À l'œuvre, on connaît l'artisan

Published by: David Sneed, Wheels That Won The West® Archives, LLC
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It was out of a desire to know more about earlywestern vehicles that, nearly two decades ago, we began searching for greater informationon the subject.  While it began as ahobby, the depth of study has driven our files of primary source researchmaterials much deeper.  In fact, thepursuit has grown to include literally thousands of period photos, originalcatalogs, broadsides, and promotional and business pieces related to heavywood-wheeled vehicle makers in the U.S.  Nomatter how much we discover, though, I never cease to be amazed – and humbled –at how much more there is to learn.  Thesearch for more details about America’s earliest and largest transportationindustry is truly never-ending.  The goodnews is that the quest often turns up extraordinary pieces tied to some of themost exciting eras of American history.  

Recently, the value of our commitment to constantlylearn and grow our archives was reinforced as our Wheels That Won The West®collection (WTWTW) of images and information was tapped by the leading Frenchequestrian publication, “Attelages” magazine. Profiled in an extensive article entitled, “The Conquest of the West,” byStephan Broeckx, a number of period western vehicle images and historicalhighlights were selected from our archives. The story introduction is dominated by a WTWTW photo showing an early freightwagon pulled by a unique hitch of 5 horses. Other photographic highlights from our files include an early mud coachin Oregon, a small wagon shop in Wisconsin, a surviving Peter Schuttler wagon anda Fish Bros. wagon, restored by Hansen Wheel and Wagon Shop, that we were ableto assist with dating, authentication and restoration details.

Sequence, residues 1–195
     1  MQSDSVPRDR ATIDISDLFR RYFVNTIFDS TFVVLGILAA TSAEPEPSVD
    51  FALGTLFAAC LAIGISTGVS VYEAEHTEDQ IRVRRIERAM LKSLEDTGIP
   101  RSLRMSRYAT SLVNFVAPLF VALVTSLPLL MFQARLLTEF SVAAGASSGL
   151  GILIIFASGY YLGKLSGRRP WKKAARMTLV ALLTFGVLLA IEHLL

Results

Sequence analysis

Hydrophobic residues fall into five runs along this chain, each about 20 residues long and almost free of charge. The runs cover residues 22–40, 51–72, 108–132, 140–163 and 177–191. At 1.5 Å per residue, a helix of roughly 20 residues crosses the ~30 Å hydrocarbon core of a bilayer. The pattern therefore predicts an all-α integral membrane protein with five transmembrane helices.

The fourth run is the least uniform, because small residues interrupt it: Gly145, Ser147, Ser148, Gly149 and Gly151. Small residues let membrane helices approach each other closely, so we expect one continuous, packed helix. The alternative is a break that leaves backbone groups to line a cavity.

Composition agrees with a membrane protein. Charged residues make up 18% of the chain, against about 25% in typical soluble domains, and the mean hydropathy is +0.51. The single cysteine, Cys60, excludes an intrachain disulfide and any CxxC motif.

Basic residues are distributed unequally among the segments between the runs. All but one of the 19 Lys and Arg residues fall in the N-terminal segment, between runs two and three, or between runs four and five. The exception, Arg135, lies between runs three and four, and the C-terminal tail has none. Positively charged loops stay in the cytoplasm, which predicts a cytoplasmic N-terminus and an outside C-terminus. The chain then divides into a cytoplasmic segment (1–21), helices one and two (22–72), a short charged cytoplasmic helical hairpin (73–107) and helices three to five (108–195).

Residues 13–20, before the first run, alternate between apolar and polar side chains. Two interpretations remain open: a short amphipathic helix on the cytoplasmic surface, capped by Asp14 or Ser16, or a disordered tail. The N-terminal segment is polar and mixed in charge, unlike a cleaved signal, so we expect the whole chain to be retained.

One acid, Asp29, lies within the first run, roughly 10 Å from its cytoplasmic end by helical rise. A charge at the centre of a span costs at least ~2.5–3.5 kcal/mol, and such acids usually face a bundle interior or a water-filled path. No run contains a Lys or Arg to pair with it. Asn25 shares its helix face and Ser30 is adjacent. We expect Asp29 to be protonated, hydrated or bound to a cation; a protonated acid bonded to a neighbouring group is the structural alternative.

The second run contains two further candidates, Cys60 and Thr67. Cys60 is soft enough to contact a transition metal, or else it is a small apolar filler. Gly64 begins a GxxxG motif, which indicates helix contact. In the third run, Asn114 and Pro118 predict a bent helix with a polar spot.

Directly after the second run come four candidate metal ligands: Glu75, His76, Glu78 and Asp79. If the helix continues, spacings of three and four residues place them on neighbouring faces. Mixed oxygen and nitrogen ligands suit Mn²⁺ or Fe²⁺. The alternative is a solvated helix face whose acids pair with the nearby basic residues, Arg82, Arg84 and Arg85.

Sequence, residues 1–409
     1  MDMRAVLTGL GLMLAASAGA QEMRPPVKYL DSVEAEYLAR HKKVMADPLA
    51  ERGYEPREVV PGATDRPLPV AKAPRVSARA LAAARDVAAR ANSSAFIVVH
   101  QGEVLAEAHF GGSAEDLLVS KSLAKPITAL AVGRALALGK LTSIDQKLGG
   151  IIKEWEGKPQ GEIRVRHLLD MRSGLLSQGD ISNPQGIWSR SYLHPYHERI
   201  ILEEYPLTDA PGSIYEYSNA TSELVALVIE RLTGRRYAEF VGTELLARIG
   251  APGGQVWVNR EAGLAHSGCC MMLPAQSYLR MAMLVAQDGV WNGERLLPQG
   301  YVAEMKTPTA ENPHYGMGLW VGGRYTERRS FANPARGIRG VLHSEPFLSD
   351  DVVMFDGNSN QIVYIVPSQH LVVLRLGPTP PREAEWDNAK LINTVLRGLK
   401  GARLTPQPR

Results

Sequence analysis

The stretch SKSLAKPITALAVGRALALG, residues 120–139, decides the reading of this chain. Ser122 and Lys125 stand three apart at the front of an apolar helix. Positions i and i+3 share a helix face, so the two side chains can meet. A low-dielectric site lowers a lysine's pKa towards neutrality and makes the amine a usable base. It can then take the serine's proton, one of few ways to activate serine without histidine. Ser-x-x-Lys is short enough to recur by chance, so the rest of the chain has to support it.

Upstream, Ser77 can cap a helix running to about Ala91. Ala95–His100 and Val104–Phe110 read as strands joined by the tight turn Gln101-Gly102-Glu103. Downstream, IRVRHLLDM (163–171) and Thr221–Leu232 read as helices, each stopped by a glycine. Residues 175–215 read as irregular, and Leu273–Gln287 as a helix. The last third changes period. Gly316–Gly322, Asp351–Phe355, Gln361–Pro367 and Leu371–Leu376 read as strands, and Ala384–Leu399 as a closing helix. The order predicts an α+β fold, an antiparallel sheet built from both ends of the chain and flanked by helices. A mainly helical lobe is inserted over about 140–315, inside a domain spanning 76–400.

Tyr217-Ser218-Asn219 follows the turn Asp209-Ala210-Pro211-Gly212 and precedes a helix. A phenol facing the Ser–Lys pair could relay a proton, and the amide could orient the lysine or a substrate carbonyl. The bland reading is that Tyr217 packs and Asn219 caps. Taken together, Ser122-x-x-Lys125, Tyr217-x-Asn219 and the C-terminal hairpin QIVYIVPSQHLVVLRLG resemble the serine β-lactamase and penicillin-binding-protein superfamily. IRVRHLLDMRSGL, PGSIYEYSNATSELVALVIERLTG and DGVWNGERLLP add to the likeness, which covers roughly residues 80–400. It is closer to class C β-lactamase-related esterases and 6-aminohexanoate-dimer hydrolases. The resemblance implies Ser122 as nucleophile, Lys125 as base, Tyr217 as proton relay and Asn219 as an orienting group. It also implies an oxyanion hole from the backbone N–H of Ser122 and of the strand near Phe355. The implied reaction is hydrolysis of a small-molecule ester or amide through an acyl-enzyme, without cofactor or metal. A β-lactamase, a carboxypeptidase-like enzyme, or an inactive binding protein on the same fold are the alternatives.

In addition to our weekly blog and regular additionsof original articles on our website, we expect to have several other articlesprinted by additional publications this year. Combined with the upcoming Volume 2 edition of our “Borrowed Time”western vehicle book series (Peter Schuttler), we’re busy sharing even moreexclusive and little-known history.  We’repleased to continue to help fill a niche by showcasing so many of the vehiclesthat helped build America.
In keeping with the spirit of the recent French article,the title of this blog is Àl'œuvre, on connaît l'artisan.  Roughlytranslated, it’s a reminder that the craftsman is known by his work.  It’s our hope that, along with so many otherhistorians and enthusiasts, our ephemeral archeology and historicalpreservation work will ultimately be viewed as beneficial research for generationsto come. 
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